The Magdalen Project is a residential organic farm and education centre on the banks of the River Axe on the Dorset-Somerset border. Its 130 acres includes a mixed small holding with chickens, sheep, cows and organic vegetables, along with recycled and forest gardens, river frontage, woodland areas and wildlife ponds.
For over fifteen years, The Magdalen Project has hosted visits from schools, universities, businesses, environmental groups and others. It aims to be ‘a vibrant, inspirational environment that is both a resource for learning and a place to experience’. The farm buildings have been converted into a multi-purpose eco-friendly centre which includes seminar and teaching rooms, a dining/meeting hall and accommodation for up to 36 people.
The Magdalen Project caters for primary, secondary and special school groups and seeks to provide all students with practical opportunities to develop ‘a deeper understanding of sustainable development and a greater appreciation of natural and rural heritage’. As can be seen below, the focus of activities will vary with different age groups and needs.
Singing around a camp fire
Building shelters in the wood
Bread and cheese making
Ecological adventure walks
Art and sculpture
Helping on the farm
The Magdalen experience
Survival in the wild
Rivers and streams
Renewable energies and sustainability
Farming and the future
Maps and mapping
Together we stand, divided we fall - team building
River channel and floodplain management
Water quality, ecosystems and agriculture
Woodland ecosystems and habitats
Weather, microclimate and energy
Coastal processes and coastal zone management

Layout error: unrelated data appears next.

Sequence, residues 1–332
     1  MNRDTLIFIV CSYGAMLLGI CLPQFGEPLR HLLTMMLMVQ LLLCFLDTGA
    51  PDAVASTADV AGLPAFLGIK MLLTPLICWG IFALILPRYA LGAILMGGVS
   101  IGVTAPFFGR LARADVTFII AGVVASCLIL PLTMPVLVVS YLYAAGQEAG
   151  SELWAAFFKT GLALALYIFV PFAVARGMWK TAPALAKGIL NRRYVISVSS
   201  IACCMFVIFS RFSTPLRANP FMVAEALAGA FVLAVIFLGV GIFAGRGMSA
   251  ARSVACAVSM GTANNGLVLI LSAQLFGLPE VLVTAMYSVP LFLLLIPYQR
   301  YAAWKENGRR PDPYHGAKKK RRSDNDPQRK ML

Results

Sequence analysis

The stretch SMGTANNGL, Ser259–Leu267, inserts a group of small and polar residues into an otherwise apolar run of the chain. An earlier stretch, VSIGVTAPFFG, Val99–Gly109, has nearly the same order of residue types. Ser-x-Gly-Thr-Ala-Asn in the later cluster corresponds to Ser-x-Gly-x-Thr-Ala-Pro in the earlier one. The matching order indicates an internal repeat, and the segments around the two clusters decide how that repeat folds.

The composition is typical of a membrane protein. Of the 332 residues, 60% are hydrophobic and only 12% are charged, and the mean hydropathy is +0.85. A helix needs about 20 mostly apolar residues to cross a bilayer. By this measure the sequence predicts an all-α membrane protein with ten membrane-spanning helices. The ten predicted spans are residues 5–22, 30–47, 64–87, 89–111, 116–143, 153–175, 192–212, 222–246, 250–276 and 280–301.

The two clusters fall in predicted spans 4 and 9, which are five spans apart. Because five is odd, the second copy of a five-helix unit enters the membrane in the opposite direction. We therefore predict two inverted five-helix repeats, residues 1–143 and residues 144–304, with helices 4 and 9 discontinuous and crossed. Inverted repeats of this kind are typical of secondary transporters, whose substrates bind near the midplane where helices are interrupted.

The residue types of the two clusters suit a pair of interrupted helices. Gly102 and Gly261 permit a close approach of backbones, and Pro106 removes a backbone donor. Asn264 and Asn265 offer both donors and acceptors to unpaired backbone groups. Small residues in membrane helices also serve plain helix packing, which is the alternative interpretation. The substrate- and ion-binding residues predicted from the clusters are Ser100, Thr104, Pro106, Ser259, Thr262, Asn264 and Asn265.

Rural settlements - past present and future
Changing agricultural systems
All activities, though, are characterised by a strong emphasis on learning by doing (‘incidental learning’), making cross-curricular links and sharing responsibilities such as emptying the compost buckets. Gyles Morris, the Project’s director, describes how staff concentrate on ‘taking specific issues and breathing passion and creative education into them’.
Magdalen’s 95 per cent return booking rate for school groups provides some indication of the satisfaction levels amongst course participants. One benefit frequently noted by teachers is the way in which the experience enables students to express themselves and engage in ways that are not possible in the classroom setting. There are also very significant social benefits in terms of group dynamics, respecting one another and learning to work together in teams. This can be particularly valuable for children who are not seen as successful learners in the formal education context.
Teacher learning is another important focus in terms of the opportunity to observe and get to know students in a different light and to pick up ideas and information for use in school. The Magdalen Project also provides in-service training for beginning and experienced teachers both at the centre and in schools.
The Magdalen Project
T: 01460 30144